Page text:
Meet our On-Site Sheep Shepherdess
There are two types of people in this world: those who like sheep and those who LOVE sheep! While Abby is an apprentice in our organic dairy program, it’s the woolen creatures that she finds so special. Outside of her role at Wolfe’s Neck Center, she is starting her own sheep farm in Auburn. It currently consists of 3 bred Katahdin ewes, 5 hoggets (a female sheep over one year old that has not been bred), as well as 2 cashmere bred does (female goats), with more lambs and goat kids expected to be born this spring.
When she is not working at her farm or Wolfe’s Neck, she has a few additional side farming jobs, too. One of them is shearing sheep, a hobby she picked up after learning how challenging it can be for farmers to find someone to shear their livestock. She’s now joined the ranks of being one of only a few shearers in Maine. This is Abby’s favorite job because she gets to visit a wide array of farms across the state, working with dozens of farmers and sheep. She’ll shear anything from a 200 pound ram to a 75 pound lamb on a given day, and the new experiences bring an excitement to her work.
To Abby, farming means she can produce the best quality food, clothing, and other products. “I really love seeing the whole process,” she says. “Start to finish. I have been there when lambs where born and I have processed some mature lambs. I love wearing wool, especially when I can name the sheep it came from and see it the following year for its annual haircut.”
Shearing is no easy feat, but Abby has had a lot of practice over the past few years. To shear, she’ll safely flip the sheep over, and using a well-perfected pattern, rotates the sheep while shearing all the wool off without cutting the sheep. Some breeds she’s shorn include Romneys, Icelandic, Baby Dolls, Tunis and Finnsheep and more, plus even more cross-breeds. And because she fills her calendar in shearing season, Abby herself raises hair sheep that don’t need to be shorn. “I don’t have to schedule when to shear my own sheep when I’m in the middle of my busy season,” she says of this choice.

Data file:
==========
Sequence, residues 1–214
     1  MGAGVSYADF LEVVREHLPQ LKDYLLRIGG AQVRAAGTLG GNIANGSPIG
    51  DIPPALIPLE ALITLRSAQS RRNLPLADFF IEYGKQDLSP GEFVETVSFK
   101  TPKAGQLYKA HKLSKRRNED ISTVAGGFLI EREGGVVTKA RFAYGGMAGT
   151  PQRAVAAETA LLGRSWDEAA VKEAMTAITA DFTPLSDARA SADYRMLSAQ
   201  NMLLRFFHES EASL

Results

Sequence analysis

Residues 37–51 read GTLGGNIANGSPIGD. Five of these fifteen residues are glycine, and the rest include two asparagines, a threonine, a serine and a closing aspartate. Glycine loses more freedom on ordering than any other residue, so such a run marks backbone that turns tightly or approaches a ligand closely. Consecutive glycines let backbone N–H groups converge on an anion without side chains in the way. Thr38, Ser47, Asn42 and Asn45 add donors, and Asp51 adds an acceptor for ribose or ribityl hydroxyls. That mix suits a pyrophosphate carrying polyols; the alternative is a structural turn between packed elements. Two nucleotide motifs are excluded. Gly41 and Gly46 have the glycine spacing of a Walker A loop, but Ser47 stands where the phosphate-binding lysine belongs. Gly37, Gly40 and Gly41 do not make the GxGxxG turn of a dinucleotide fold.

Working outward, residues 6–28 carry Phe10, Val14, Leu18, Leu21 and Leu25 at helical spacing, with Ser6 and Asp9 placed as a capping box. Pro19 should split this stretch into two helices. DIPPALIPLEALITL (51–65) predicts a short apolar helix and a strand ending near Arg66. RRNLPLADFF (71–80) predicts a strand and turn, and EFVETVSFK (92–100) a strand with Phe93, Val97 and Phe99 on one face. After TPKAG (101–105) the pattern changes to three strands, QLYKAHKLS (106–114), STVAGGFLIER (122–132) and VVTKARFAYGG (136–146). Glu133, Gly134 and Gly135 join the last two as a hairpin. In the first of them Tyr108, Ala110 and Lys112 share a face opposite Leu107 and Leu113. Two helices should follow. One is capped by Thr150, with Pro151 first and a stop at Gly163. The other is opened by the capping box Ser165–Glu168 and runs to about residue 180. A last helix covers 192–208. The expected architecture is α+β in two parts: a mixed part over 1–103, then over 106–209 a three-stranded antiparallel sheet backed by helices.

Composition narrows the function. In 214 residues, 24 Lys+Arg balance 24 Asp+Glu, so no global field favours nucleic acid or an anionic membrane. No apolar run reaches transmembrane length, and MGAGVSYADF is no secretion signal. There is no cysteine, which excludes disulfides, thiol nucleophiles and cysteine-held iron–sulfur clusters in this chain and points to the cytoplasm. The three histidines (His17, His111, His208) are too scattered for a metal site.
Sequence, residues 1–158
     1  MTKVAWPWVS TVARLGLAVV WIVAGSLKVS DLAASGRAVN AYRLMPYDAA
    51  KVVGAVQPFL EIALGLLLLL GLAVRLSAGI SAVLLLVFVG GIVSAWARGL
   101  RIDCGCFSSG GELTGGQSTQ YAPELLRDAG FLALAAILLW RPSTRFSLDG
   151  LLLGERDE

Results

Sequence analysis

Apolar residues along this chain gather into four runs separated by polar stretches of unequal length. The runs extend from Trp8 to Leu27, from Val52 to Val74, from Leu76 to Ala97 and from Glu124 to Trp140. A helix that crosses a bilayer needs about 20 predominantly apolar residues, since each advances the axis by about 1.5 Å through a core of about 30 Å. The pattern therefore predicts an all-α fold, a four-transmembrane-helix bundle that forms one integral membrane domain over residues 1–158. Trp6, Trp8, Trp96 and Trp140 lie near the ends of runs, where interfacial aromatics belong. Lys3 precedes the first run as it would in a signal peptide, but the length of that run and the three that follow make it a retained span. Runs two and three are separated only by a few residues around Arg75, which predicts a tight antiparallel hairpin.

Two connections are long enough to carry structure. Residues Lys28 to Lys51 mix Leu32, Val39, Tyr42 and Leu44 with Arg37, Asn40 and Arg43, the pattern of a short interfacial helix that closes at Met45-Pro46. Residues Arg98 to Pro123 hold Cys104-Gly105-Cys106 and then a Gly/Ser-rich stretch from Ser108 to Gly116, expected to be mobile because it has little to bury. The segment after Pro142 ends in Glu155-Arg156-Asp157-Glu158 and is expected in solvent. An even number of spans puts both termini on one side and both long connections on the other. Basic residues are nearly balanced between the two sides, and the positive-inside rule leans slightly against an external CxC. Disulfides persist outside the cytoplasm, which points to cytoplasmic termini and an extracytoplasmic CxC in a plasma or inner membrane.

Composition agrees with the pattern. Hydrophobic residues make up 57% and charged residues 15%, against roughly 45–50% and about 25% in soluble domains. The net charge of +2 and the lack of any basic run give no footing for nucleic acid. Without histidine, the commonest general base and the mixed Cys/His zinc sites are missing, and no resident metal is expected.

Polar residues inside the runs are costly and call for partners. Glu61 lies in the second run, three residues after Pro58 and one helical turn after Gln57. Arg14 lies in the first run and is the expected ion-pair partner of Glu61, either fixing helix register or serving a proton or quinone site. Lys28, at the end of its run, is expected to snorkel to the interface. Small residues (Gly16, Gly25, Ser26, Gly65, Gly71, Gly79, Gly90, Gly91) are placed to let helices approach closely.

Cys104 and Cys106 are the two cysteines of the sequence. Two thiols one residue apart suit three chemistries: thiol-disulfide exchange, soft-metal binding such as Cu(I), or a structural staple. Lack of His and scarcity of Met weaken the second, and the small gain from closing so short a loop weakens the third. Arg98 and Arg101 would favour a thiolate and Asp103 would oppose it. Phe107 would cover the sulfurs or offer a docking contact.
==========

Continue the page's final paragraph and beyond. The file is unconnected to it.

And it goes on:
Sheep care and comfort are extremely important to Abby and her fellow shearers and shepherds. They do not want any harm to come to the sheep, and shearing is one way of caring for them. Sheep are shorn for their benefit; imagine walking around in a winter coat! It’s a way to help them cool off, remove buildup and stay clean, relieve them of the excess weight tugging at their skin, and for them to be more comfortable overall.
This is something that Abby loves to educate people on so there are no misconceptions about the process. She also enjoys talking to people about raising sheep, both for meat and fiber. She’s discovered that many people tend not to eat lamb or like wearing wool because they don’t fully understand the process. She shares with them how much these animals have to offer. “They are amazing animals…small durable animals that don’t drink or eat much but provide so much,” Abby says of them. “Meat, dairy, fiber, pelts, mowing services. You name it, I am sure a sheep could do it.”
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